What Exactly Is Bar Reciprocity?
For students preparing to select their bar location, there is one key question that must be addressed. Can you transfer your score from one state to another? This post will discuss bar reciprocity and how it works. As with most things, bar reciprocity is specific for each state. Therefore, make sure to research the rules for the state where you are taking the bar, and any states where you think you might want to practice in the future.
What Exactly Is Bar Reciprocity?
Bar Reciprocity Defined
Bar reciprocity is the ability to practice in a state where you did not take the bar exam. Often, this is called “waiving” into a state. Waiving into a state is beneficial for attorneys who have practiced for several years but must relocate for a new job or students who live in places on the east coast where several states are in close proximity and it may be a benefit to be barred in multiple neighboring states. There are two main groups to cover for waiver requirements, states that participate in the Uniform Bar Exam (UBE) and states that do not.
UBE states all issue the same bar exam. It is, after all, called the “Uniform Bar Exam.” Students receive the same test, on the same dates, at comparable times. Because students take the same exam, UBE states accept any lawyer who took a UBE test.
However, you should note:
- Students must still meet some state unique criteria. For example, to be licensed to practice law in New York you must still take the New York Law Exam after completing the New York Law Course. Learn more about that here.
- While many states accept UBE scores, the passing score is different among the UBE states. A passing UBE score for New York is 266 and a passing score in Washington State is 270. Therefore, if you passed the UBE in New York with a 267, you would still need to take the bar again and earn a higher score to practice law in Washington. Check out this post to see a full breakdown of passing UBE scores by state.
- Additionally, each state recognizes a bar score for a limited number of years. One state may recognize a score as valid for three years while another will only recognize it as valid for two. If you plan on waiving into a new state after taking the bar, it is vital that you pay attention to this deadline.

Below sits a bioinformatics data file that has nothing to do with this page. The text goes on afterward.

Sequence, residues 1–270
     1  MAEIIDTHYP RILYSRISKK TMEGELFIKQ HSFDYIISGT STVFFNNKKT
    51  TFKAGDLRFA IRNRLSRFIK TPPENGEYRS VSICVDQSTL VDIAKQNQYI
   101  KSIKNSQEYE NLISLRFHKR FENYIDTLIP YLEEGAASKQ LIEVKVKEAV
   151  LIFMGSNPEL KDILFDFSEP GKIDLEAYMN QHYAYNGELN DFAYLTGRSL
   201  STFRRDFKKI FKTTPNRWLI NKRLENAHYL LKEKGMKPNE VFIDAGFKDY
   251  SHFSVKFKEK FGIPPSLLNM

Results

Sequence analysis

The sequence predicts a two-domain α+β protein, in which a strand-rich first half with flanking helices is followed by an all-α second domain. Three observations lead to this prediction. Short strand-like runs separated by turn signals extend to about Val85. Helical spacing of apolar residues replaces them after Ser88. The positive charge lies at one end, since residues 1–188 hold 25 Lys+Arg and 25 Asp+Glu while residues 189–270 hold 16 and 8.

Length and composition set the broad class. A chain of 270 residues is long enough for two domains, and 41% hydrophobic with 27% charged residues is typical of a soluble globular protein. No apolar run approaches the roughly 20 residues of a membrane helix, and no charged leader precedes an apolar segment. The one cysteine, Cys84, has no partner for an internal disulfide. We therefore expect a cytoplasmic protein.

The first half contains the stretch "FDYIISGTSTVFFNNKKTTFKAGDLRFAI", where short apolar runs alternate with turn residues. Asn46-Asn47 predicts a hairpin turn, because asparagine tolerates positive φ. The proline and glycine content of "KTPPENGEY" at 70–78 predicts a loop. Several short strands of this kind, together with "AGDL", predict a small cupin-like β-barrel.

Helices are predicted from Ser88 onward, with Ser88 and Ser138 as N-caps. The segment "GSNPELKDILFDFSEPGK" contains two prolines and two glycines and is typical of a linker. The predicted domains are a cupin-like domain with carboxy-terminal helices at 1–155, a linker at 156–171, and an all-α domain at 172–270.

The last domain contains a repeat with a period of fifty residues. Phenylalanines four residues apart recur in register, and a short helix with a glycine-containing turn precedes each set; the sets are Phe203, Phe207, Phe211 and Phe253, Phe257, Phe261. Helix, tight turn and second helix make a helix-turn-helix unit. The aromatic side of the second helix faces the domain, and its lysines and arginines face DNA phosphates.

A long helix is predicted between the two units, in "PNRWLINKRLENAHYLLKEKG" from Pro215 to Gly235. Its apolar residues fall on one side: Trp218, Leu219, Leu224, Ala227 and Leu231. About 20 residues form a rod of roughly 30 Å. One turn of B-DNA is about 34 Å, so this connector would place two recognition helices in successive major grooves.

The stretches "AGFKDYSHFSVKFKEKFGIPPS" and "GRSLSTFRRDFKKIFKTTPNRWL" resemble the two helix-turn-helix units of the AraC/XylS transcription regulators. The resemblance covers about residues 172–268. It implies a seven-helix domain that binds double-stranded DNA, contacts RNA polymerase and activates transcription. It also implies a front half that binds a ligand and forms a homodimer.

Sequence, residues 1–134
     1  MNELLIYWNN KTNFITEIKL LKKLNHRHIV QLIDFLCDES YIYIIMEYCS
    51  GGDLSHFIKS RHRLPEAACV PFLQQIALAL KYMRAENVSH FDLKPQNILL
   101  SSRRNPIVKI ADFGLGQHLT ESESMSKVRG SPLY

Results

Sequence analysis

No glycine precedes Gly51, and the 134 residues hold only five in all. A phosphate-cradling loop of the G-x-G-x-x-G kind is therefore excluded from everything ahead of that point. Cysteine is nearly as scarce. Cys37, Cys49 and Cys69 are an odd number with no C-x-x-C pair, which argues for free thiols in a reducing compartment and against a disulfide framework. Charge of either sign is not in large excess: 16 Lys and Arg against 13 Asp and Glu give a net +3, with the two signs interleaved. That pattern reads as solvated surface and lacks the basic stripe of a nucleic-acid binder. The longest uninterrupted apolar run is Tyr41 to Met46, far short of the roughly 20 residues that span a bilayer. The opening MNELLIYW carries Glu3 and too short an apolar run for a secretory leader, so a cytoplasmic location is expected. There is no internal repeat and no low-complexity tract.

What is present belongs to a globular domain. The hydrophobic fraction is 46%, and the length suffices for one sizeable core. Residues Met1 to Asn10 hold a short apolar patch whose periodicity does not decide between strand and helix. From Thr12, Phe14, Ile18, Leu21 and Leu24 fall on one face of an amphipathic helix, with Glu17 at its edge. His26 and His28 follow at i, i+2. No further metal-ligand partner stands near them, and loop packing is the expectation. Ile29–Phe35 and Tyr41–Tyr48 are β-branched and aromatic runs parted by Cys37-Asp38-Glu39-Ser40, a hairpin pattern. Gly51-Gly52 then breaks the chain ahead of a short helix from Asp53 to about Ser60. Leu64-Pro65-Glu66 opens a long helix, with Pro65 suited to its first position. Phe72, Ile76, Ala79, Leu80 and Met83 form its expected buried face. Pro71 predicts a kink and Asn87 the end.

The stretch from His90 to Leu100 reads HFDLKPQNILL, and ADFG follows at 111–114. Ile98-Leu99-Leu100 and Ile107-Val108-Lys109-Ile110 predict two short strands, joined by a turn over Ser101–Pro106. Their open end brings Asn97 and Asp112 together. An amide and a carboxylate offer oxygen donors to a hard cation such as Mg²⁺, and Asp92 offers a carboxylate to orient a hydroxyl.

Non-UBE, such as Florida and California, require law students to sit for the bar in that state in order to be admitted. Generally, non-UBE states do not allow for an immediate waiver to practice from lawyers outside the state. However, some non-UBE states do allow attorneys who have practiced for several years to waive into the state.
For example, in Virginia, an attorney in good standing in his or her current state may waive into Virginia without a bar exam, providing that they practiced law for three of the five years prior to waiving into the state and did not fail a bar exam in any state or territory for two years prior to waving into the state. Additionally, UBE states have similar provisions for waiving in attorneys who have practiced law for an extended period of time.
In conclusion, many states offer reciprocity to attorneys to practice in their jurisdiction without having passed their state’s bar exam. However, requirements change state to state so be sure to check out each state’s rules before relying on being waived in.
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